Friday, July 20, 2018


UN Global Action Programme launched at FAO to address nutrition issues
Thursday, 06 July, 2017, 08 : 00 AM [IST]
A United Nations Global Action Programme, launched recently at the Food and Agriculture Organisation (FAO), seeks to address the pressing challenges related to food security, nutrition and the impacts of climate change facing the world’s Small Island Developing States (SIDS).

The initiative was developed jointly by FAO, the United Nations Department of Economic and Social Affairs (UNDESA) and the Office of the High Representative for Least Developed Countries, Landlocked Developing Countries and Small Island Developing States (OHRLLS).

Because of their small size and isolation, SIDS are particularly threatened by natural disasters and the impacts of climate change. Many have limited arable agricultural land and are dependent on small-scale agriculture, ocean resources and high-priced imports.

The Global Action Programme aims to achieve three objectives: (i) the creation of enabling environments for food security and nutrition; (ii) the promotion of sustainable, resilient and nutrition-sensitive food systems, and (iii) the empowerment of people and communities for improved food security and nutrition.

A participatory process
José Graziano da Silva, director general, FAO, stressed that the Global Action Programme was the fruit of wide-ranging consultations in the SIDS regions, where food security and nutrition needs to be addressed together with issues such as climate change, the health of oceans, land degradation, social inclusion education and gender equality.

“The impacts of climate change are particularly worrisome. They affect everything that we plan to do in the SIDS countries,” he added, referring to their vulnerability to rising ocean levels and the increase in extreme weather events, such as tsunamis, storms, floods and droughts.

Regarding the nutrition situation, he said, “The triple burden of malnutrition is a reality among many SIDS countries. This means that undernourishment, micronutrient deficiency and obesity coexist within the same country, the same communities and even the same households.”

For his part, Tommy Remengesau Jr, president, Republic of Palau, pointed to the need to “curb the alarming trends” in the SIDS, such as, in the case of the Pacific region, the high rate of mortality caused by non-communicable diseases, including cancer and heart attacks, to which poor nutrition is a major contributor.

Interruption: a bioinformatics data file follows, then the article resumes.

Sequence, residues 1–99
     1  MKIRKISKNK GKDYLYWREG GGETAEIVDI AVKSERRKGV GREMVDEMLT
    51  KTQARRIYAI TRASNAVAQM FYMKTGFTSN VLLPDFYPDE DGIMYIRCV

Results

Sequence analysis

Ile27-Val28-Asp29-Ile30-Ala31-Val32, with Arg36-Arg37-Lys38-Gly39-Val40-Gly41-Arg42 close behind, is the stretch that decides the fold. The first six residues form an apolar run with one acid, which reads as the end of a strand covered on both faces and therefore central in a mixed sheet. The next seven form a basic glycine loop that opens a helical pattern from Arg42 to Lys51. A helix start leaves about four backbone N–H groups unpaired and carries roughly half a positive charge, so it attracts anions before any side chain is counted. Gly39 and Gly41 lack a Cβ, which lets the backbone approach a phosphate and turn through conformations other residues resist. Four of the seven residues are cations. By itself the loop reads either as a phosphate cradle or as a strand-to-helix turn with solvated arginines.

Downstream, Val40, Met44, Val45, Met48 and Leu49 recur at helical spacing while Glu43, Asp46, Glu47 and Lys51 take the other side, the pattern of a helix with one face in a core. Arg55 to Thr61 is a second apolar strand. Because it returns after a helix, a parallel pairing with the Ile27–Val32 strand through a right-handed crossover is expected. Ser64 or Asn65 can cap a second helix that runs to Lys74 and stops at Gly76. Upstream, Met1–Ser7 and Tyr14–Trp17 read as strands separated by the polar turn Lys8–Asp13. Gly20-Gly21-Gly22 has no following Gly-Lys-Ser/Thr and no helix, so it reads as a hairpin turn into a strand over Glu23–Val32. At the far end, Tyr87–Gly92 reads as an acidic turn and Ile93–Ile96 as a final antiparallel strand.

“In my view, the Global Action Programme is an important mechanism to empower our communities and peoples,” Remengesau said, underscoring the need to gradually shift people in the SIDS towards “wholesome nutrition and healthy lifestyles.”

“I call on the international community, development partners, inter-governmental organisations and fellow SIDS to work together to help our communities and our people,” he added.

Peter Thomson, president, UN General Assembly, and Fiji’s permanent representative to the UN, said at the event that the launch of the programme “represented an important step towards implementation of the Sustainable Development Goals (SDG) targets as related to the SIDS for addressing poverty, health, water, sanitation, economic development, inequalities, climate change, and of course, the oceans.”

Thomson noted that the Global Action Programme stemmed from the SIDS Accelerated Modalities Of Action (SAMOA) Pathway - the outcome of the Third International Conference on SIDS held in Apia, Samoa, in 2014, where FAO was invited to develop a global framework for action.

Focus on the SIDS
FAO has scaled up its work with the SIDS in recent years, including in areas aimed at improving the management and use of natural resources, promoting integrated rural development, and building resilience to extreme weather events.

Last month during the Ocean Conference in New York, FAO presented a commitment to increase economic benefits to SIDS countries through the Blue Growth Initiative. In particular, this will be done through three specific regional SIDS projects, with funding worth approximately $16 million from FAO’s budget.
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